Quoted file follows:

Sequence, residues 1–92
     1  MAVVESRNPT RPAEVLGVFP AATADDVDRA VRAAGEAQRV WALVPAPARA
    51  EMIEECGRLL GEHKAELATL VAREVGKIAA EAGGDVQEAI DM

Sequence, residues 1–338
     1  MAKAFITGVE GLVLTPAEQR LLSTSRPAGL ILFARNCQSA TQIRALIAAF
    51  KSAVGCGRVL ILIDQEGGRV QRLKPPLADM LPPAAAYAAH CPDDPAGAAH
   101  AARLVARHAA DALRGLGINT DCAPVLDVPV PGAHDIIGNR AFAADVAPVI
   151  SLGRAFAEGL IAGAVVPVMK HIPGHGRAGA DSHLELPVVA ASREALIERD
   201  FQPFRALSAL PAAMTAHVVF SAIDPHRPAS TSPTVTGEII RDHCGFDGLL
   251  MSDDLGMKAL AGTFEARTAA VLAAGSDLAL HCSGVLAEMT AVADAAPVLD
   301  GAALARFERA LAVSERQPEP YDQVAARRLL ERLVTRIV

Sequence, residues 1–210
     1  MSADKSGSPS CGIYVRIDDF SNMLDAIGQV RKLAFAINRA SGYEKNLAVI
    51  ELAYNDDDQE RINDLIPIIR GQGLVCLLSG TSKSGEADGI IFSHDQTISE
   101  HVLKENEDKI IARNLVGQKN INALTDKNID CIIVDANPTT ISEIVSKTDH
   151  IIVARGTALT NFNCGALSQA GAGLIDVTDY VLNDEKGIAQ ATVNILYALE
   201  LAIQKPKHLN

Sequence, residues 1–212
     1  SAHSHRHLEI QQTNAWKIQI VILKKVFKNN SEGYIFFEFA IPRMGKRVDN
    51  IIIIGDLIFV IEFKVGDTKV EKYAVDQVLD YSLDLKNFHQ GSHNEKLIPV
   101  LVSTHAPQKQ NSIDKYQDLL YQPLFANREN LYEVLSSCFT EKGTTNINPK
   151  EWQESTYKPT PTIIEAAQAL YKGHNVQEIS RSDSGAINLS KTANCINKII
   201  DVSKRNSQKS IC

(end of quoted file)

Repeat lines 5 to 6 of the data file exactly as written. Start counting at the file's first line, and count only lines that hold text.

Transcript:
     1  MAKAFITGVE GLVLTPAEQR LLSTSRPAGL ILFARNCQSA TQIRALIAAF
    51  KSAVGCGRVL ILIDQEGGRV QRLKPPLADM LPPAAAYAAH CPDDPAGAAH